Candidates must have successfully completed an ACGME-accredited General Surgery Residency.  We have no minimum USMLE Step I score requirement; however, scores above the 220 level are advantageous. We require three letters of recommendation and accept no more than four.

Residents in our program must be a U.S. citizen or lawful permanent resident to train at the University of Colorado School of Medicine.

Contact Information

Amber Camus, Program Coordinator

Phone: 303-724-2822
Fax: 303-274-2682
University of Colorado School of Medicine
Anshutz Medical Campus
12631 E. 17th Avenue, Room 5401, Mail Stop C-291
Aurora, CO 80045

It is our ultimate goal to prepare our residents not only to satisfactorily pass the ABTS certification examination, but to excel beyond that to a level of expertise that will allow the resident to become a future leader in their area of specialty. To assist in this endeavor we have many educational activities which include:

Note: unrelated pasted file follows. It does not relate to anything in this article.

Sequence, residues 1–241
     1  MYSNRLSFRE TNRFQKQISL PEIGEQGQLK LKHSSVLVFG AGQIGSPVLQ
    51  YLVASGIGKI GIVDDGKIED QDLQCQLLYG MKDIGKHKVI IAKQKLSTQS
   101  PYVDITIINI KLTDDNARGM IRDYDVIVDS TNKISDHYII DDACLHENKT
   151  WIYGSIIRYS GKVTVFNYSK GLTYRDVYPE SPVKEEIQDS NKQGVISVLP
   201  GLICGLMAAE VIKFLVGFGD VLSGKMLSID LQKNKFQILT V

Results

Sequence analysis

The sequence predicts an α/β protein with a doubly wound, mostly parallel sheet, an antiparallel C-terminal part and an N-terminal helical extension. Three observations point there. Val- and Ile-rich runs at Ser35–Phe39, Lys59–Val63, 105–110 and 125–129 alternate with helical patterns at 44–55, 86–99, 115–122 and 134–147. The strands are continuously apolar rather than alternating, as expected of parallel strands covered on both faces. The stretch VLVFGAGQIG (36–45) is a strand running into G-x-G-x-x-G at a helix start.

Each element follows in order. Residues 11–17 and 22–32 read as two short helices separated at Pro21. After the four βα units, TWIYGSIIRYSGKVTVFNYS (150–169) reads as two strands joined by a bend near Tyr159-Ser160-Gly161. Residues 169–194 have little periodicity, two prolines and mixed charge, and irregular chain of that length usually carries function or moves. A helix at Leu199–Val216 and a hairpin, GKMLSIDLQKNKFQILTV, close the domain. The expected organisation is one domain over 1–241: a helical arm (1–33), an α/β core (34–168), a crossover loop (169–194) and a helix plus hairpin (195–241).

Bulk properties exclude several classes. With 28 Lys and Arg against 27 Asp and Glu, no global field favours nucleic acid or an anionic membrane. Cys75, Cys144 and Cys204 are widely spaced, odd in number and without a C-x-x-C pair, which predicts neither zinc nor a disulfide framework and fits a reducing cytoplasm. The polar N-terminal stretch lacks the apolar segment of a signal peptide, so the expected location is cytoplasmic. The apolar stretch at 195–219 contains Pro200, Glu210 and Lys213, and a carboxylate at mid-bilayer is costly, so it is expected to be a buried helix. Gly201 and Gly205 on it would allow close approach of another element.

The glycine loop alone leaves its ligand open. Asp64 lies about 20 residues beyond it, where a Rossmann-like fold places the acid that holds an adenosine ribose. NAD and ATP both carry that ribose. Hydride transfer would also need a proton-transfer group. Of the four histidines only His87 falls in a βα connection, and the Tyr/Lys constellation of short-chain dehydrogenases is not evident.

• Cardiac catheterization conferences.
  • An important multi-disciplinary general thoracic surgical oncology conference is held weekly with attendance of pulmonologists, oncologist, radiation oncologists, radiologists, as well as thoracic surgeons.
  • Surgical Grand Rounds.
  • Morbidity and Mortality Conferences.
  • Journal club held with area cardiothoracic surgeons.
  • Weekly teaching conferences directed by thoracic surgical fellows.
  • Research opportunities allowing residents exposure to national meetings.
Mohamed Eldeiry, MD

Mohamed Eldeiry, MD

3rd Year, Chief Fellow

General Surgery Residency: University of Colorado

Medical School: University of Colorado

Alison Mungo, MD

Allison Mungo, MD

2nd-Year Fellow

General Surgery Residency: University of Colorado